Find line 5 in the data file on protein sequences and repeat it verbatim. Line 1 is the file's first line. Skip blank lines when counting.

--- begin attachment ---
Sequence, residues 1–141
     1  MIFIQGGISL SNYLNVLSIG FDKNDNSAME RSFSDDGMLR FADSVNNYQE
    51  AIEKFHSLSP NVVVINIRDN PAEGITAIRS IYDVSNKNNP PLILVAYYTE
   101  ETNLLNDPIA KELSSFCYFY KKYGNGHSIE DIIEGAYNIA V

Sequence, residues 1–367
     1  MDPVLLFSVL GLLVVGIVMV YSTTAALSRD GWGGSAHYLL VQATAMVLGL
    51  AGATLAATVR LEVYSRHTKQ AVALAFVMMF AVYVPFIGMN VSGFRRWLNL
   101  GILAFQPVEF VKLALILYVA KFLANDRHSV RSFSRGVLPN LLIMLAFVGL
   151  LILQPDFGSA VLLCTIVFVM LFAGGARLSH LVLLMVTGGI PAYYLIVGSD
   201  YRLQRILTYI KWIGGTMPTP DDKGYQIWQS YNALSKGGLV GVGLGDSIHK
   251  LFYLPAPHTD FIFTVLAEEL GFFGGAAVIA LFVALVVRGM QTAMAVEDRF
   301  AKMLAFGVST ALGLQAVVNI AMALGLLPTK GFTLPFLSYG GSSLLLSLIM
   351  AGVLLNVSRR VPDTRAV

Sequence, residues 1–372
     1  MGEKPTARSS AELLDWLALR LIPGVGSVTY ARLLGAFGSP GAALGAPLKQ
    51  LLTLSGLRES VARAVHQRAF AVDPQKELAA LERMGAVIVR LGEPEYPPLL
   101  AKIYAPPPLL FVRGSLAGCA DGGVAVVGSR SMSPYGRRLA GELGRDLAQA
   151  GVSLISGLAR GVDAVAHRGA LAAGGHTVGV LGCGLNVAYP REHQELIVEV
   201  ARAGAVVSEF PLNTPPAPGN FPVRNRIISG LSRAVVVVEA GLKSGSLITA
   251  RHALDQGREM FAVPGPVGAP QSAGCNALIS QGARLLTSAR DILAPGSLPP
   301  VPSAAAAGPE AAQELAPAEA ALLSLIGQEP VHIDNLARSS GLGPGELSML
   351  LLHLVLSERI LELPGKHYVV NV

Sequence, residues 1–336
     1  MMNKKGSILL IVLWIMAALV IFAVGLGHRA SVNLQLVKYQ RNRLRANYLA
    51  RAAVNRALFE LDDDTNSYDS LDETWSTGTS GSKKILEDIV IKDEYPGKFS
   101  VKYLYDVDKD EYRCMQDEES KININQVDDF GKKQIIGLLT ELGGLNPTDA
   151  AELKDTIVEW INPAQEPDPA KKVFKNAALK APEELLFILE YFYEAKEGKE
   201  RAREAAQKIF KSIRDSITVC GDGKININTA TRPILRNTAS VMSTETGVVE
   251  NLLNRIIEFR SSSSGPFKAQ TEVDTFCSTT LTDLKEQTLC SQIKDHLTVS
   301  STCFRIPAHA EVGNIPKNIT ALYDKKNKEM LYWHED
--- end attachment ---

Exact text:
Sequence, residues 1–367